A veteran policeman, Murtaugh, is partnered with a younger, suicidal officer, Riggs. They both have one thing in common: hating working in pairs. Now they must learn to work with one another to stop a gang of drug smugglers.
With personal crises and age weighing in on them, LAPD officers Riggs and Murtaugh must contend with deadly Chinese triads that are trying to free their former leaders out of prison and onto American soil.
When a multimillionaire man's son is kidnapped, he cooperates with the police at first but then turns the tables on the kidnappers when he uses the ransom money as a reward for the capture of the kidnappers.
Riggs and Murtaugh are trying to take down some drug dealers but the they turn out to be not run of the mill drug dealers; they have automatic weapons and helicopters. Eventually they grab one of their vehicles and find a million dollars worth of gold coins or Krugerrands in the trunk. Later Murtaugh is threatened by the men they're pursuing. That's when the Captain reassigns them to protect a man named Leo Getz who is suppose to testify in a big case. When they get to where Leo is, someone tries to kill him and that's when they learn he laundered half a billion dollars worth of drug money. He then takes them to a place he once went to and that's when the people there start shooting at them. Later when they come back with back up they learn that the men work for the South African consulate and have diplomatic immunity. They deduce that they are the ones they were looking for, but because of they have diplomatic immunity they can't do anything. Written by
According to Richard Donner's commentary for the film, although they rejected Shane Black's original draft of the script mostly because of the ending where Riggs dies, they still filmed the ending of the movie in a way that they could edit it in two different versions of it; Riggs dying, or Riggs surviving. After a good response from the audience during test screening of the movie, it was decided to keep Riggs alive. The last shot of the movie showing Riggs on the ground, and Murtaugh holding him while the camera moves away from the scene into the air, showing the sunrise, was actually meant to be used in the ending where Riggs dies, which is why both he and Murtaugh don't move during the shot, so in a way, the movie does end with Riggs dying from his wounds.
Michael Kamen's track "Riggs Dying", and Eric Clapton's cover of the song "Knocking on Heaven's Door", were composed and meant to be used only in the "Riggs Dies" ending, so George Harrison's song Cheer Down was used for ending credits, once the "Riggs Lives" ending was chosen for the final version of the film. See more »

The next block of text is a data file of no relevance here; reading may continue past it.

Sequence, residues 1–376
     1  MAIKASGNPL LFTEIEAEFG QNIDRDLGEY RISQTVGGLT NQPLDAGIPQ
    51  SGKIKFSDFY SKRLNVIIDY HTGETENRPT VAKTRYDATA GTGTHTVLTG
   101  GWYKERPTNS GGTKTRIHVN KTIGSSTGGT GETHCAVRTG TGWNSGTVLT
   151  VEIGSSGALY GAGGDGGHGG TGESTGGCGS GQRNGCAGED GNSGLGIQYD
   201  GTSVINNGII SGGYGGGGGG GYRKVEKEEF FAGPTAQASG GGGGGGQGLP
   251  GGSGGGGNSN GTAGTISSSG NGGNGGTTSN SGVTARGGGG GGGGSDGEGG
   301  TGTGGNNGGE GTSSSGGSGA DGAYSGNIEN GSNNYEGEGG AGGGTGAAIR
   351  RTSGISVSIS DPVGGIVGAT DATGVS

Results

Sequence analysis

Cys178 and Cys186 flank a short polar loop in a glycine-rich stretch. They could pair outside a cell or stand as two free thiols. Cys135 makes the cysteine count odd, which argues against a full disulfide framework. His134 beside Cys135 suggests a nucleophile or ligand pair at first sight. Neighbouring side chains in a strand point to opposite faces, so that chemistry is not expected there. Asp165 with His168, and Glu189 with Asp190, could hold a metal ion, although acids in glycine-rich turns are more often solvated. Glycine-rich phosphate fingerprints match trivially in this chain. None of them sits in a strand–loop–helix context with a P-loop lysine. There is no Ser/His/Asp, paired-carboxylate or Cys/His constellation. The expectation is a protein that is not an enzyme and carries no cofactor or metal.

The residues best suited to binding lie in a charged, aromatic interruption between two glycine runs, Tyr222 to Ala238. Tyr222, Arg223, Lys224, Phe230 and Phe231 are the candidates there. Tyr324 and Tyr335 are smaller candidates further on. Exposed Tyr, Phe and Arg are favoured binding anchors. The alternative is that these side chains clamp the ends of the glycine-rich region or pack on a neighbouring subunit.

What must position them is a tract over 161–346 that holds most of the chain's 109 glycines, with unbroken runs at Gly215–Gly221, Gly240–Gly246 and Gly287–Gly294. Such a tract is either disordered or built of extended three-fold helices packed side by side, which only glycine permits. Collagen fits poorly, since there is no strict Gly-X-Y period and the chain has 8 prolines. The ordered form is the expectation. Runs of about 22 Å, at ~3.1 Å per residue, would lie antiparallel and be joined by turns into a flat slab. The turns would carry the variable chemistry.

The camera is reflected in the window of Riggs' truck when he drives off after blocking in the car of the South African diplomat. See more »
Certain policemen in this city have become an intolerable nuisance. They are obviously onto us again. How do you propose to handle it?
[with cigarette in mouth]
Warn them off. It's my experience that a scared cop is more useful than a dead one.
A warning? Is that not a bit tame?
Depends on how you do it.
[about 25 minutes later into film after a very scary warning that still didn't stop the police from bothering them]
Things are getting out of hand. We are suffering too many losses. We have to ...
[...] See more »
Mel Gibson and Danny Glover return to kick heads and shoot bad guys for the second time, as Riggs and Murtaugh, the "Oscar and Felix" of law enforcement in "Lethal Weapon 2." This time
around, the boys are forced to become the 3 Stooges when they are assigned to guard a feisty, foul-mouthed federal witness named Leo Getz (the frantic Joe Pesci) from a group of sadistic Afrikaner thugs (led by the usually dark-natured character actor Joss Acklund). At the same time, Riggs meets a new love named
Rika (the hot Patsy Kensit), who happens to be a pawn in the
villain's dangerous games.
The action is faster and more furious in this sequel to the
slam-bang original. Even the banter gets a boost, thanks to the
added comedic riff by Pesci. Watch for his slightly annoying,
yet hilarious speech on a Subway tunafish sandwich!
28 of 38 people found this review helpful.
Was this review helpful to you?